Tresiba and Ryzodeq Approved by EU Regulators
European regulators have approved Novo Nordisk’s Tresiba and Ryzodeg, which Novo hopes will challenge Sanofi’s Lantus, the largest selling insulin product globally.
The European Commission have granted marketing authorisations for Tresiba (insulin degludec) and Ryzodeg (insulin degludec/insulin aspart) for the treatment of diabetes in adults.
The green light was founded on clinical trials conducted where Tresiba was compared to Sanofi’s blockbuster Lantus, and showed a considerably lower risk of overall and nocturnal hypoglycaemia, while successfully achieving equivalent reductions in HbA1c.
Tresiba is a once-daily new-generation basal insulin analogue with an ultra-long duration of action. Novo Nordisk stated that with a duration of action beyond 42 hours, Tresiba “is the first basal insulin to offer patients the possibility of adjusting the time of injection, when needed.”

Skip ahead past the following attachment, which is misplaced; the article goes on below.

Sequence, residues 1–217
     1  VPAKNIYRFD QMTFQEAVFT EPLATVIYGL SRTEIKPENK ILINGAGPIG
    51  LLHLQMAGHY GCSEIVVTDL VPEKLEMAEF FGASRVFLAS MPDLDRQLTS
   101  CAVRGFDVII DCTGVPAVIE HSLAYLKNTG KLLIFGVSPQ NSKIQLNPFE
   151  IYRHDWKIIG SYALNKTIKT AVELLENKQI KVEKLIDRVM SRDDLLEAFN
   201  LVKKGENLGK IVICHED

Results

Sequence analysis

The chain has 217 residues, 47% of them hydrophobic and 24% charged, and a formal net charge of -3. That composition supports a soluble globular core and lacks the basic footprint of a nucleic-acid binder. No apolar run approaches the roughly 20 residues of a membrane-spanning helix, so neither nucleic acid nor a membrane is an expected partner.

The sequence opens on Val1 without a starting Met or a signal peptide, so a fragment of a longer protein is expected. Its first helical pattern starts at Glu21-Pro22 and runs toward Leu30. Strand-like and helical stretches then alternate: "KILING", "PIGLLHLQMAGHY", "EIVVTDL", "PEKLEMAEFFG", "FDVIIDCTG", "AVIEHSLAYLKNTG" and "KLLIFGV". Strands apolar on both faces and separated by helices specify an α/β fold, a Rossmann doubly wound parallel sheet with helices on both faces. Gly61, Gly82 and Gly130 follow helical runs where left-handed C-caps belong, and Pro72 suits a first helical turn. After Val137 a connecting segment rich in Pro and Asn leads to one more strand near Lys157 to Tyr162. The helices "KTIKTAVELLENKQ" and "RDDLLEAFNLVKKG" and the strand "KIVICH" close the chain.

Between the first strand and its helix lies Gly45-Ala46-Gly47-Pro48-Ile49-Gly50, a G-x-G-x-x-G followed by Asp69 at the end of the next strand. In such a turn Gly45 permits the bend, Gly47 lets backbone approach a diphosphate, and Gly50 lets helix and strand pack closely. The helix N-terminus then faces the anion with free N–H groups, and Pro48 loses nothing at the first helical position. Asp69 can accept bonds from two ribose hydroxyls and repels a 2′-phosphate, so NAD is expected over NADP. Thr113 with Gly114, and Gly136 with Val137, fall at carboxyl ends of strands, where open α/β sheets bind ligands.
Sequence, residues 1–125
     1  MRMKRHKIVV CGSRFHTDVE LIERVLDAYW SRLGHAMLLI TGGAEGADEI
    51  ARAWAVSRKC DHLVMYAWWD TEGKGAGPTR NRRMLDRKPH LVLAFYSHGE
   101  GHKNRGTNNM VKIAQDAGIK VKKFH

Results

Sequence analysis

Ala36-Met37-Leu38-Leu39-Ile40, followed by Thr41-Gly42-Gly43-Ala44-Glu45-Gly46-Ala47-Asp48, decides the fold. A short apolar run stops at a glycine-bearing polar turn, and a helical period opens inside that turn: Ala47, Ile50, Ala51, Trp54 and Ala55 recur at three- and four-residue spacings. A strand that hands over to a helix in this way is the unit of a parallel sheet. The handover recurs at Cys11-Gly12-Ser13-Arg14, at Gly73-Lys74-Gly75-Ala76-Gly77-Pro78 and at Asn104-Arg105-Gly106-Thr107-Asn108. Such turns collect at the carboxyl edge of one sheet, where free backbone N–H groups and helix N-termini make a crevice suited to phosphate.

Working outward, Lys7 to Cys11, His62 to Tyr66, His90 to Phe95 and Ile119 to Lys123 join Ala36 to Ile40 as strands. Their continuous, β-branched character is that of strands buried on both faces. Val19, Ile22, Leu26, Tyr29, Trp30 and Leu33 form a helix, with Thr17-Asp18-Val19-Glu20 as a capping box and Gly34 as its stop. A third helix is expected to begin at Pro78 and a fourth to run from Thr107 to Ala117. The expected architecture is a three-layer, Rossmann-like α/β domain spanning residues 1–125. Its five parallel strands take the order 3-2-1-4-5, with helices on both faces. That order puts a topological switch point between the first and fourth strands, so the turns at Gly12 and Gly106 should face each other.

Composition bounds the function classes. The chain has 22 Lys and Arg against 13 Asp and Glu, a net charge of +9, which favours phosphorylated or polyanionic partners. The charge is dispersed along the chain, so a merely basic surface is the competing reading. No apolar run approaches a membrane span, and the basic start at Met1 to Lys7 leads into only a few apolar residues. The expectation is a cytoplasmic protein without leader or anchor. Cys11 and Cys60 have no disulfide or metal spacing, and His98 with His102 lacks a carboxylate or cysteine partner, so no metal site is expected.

Ryzodeg, which contains Tresida in a soluble formulation with the company’s NovoMix (insulin aspart) can be administered once or twice daily with main meal(s). Novo’s chief scientific officer, Mads Krogsgaard Thomsen, noted the approvals “constitute significant milestones” for both the organisation and the treatment of diabetes.
The company anticipates launching Tresiba in the UK and Denmark during the first half of 2013, and in other European markets thereafter. Ryzodeg is currently scheduled to be launched in a year’s time.
Tresiba has been widely hyped by analysts as a potential blockbuster. It has already been approved in Japan, and in November 2012, the US FDA’s Endocrinologic and Metabolic Drugs Advisory Committee voted 8-4 in favour of approving the two diabetes drugs.
The panel recommended that a cardiovascular outcomes trial should be conducted, but added that this could be done post-approval.